Companies across the world are still grappling with the effects of a major new ransomware cyberattack that struck their computer systems, with Ukrainian firms and government sites among the worst hit.
Ukraine initially seemed to be the target of the cyberattack, which started on June 27, affecting websites of banks and major industrial enterprises, but it also hit other countries and international companies around the world.
The virus's pace appeared to slow by June 28, partly because the malware seemed to require direct contact between computer networks, a factor that may have limited its spread in regions with fewer connections to Ukraine.
However, businesses in the Asia-Pacific region reported some disruptions on June 28 with the operations of several European companies hit.
Like last month's outbreak of ransomware, dubbed WannaCry, the new attack spread by using an intrusion tool that cybersecurity experts believe was created by the U.S. National Security Agency (NSA) and released online by a still-mysterious group known as the Shadowbrokers.
The malicious software freezes the user's computer until an untraceable ransom is paid in the digital Bitcoin currency.
Russian antivirus firm Kaspersky Lab said it had traced some 2,000 attacks -- most of them in Ukraine, Russia, and Poland.
Ukraine reported heavy disruption from the malware, with computer networks of the government, banks, the state power distributor, the postal service, and Kyiv's international airport being affected.
Radiation monitoring at the Chernobyl nuclear facility had to be performed manually due to a related systems failure.
Ukrainian Prime Minister Volodymyr Hroysman said on June 27 that his country was suffering an "unprecedented" cyberattack but that "vital systems" were not being affected.
The Ukrainian government said on June 28 that it had managed to restore its computer networks after they went down.
"The situation is under the full control of cybersecurity specialists," a statement said. "They are currently working on recovering lost data."
Kremlin spokesman Dmitry Peskov said on June 28 that the cyberattack caused no serious problems at a corporate or state level in Russia.
Other Countries Hit
Russia's central bank said there were isolated cases of lenders' IT systems being infected. One consumer lender, Home Credit, had to suspend client operations.
Rosneft, Russia's largest oil company and one of the world's biggest crude producers by volume, said its servers were attacked but that oil production was not affected because it switched over to backup systems.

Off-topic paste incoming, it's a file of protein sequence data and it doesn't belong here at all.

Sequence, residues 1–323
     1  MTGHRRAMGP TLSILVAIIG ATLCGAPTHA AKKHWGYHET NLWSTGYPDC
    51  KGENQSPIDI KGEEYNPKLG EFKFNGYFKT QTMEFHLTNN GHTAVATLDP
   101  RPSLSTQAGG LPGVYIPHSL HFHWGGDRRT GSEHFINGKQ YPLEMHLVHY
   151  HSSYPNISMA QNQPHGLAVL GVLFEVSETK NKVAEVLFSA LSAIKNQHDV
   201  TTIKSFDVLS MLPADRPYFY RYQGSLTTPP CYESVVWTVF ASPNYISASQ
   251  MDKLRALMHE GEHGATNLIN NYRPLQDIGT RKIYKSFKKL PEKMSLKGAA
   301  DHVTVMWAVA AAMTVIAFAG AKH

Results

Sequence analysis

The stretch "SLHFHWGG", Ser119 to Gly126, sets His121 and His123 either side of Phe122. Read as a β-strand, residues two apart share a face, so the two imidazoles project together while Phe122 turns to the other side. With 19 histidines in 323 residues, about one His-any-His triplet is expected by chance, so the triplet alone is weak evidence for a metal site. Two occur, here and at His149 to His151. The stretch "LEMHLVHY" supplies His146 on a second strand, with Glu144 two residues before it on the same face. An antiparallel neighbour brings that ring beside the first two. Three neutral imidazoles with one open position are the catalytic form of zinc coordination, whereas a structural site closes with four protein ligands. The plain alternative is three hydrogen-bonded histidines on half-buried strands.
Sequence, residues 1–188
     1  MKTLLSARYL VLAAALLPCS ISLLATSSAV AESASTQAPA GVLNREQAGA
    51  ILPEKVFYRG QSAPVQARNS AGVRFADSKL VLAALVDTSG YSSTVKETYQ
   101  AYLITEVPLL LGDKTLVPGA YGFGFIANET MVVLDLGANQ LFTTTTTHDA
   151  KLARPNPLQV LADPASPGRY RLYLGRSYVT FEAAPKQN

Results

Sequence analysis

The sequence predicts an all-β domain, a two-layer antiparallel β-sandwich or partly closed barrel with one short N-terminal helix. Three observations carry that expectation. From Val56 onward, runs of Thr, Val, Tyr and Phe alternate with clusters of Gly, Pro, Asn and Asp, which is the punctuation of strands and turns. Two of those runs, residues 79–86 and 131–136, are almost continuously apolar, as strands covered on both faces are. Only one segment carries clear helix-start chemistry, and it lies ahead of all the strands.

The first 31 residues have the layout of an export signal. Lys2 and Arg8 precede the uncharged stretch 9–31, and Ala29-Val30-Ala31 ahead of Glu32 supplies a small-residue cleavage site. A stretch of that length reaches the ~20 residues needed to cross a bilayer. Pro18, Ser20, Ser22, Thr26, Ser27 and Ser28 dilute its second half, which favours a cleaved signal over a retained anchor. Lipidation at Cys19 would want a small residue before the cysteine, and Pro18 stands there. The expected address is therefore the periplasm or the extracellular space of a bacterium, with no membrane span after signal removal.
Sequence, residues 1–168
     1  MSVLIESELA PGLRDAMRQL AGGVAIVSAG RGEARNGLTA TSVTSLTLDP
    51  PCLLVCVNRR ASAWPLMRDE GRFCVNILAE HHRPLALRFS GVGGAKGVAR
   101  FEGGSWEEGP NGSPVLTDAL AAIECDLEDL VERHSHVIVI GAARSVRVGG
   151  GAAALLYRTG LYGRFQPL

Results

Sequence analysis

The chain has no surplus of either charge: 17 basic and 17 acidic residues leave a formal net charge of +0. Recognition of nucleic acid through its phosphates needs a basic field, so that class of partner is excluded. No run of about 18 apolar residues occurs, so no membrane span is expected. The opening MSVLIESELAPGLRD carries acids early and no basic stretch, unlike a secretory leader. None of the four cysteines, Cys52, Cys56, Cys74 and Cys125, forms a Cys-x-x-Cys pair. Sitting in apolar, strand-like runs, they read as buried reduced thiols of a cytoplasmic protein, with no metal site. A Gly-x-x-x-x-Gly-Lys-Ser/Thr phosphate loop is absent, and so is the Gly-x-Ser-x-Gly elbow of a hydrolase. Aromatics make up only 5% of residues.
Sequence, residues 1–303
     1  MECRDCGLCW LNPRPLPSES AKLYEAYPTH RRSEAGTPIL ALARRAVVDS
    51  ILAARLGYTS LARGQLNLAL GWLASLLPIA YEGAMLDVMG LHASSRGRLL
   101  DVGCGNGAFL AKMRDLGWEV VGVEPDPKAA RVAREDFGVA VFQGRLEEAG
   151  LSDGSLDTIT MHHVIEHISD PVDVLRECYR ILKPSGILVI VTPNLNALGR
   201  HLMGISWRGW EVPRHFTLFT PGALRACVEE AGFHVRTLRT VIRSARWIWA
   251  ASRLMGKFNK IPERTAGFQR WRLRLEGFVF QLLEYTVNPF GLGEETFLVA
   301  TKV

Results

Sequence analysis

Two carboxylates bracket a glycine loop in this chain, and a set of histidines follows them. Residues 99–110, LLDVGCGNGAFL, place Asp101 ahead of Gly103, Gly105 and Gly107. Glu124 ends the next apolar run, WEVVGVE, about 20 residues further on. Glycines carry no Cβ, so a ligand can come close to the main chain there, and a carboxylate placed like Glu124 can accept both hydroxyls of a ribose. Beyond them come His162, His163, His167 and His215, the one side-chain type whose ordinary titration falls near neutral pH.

Elsewhere, British advertising firm WPP, U.S. law company DLA Piper, and Danish shipping giant A.P. Moller-Maersk were also infected.
The White House National Security Council said government agencies were investigating the attack and that the United States was "determined to hold those responsible accountable."
The U.S. Department of Homeland Security advised those targeted by the attacks not to pay the ransom, saying there was no guarantee that access to files would be restored. It said it was monitoring the attacks and coordinating with other countries.
Speaking on June 28 at a press conference in Brussels, NATO Secretary-General Jens Stoltenberg said that the cyberattack "underlines the importance of strengthening our cyberdefenses and that is exactly what NATO is doing."
No 'Kill Switch'
Security experts believe the impact of the current attack will be smaller than WannaCry, which hit hundreds of thousands of computers worldwide after it emerged on May 12.
The experts say many computers have been patched with Windows updates in the wake of last month's WannaCry attack to protect them against attacks using the same exploit, known as "Eternal Blue."
Nonetheless, the attack could be more dangerous than traditional strains of ransomware because it makes computers unresponsive and unable to reboot, they say.
Meanwhile, the BBC reported on June 28 that security researchers have discovered a "vaccine" for the cyberattack -- a single file that can stop the attack from infecting a machine.
However, it said, experts could not find a so-called kill switch that would block the ransomware from spreading to other vulnerable computers.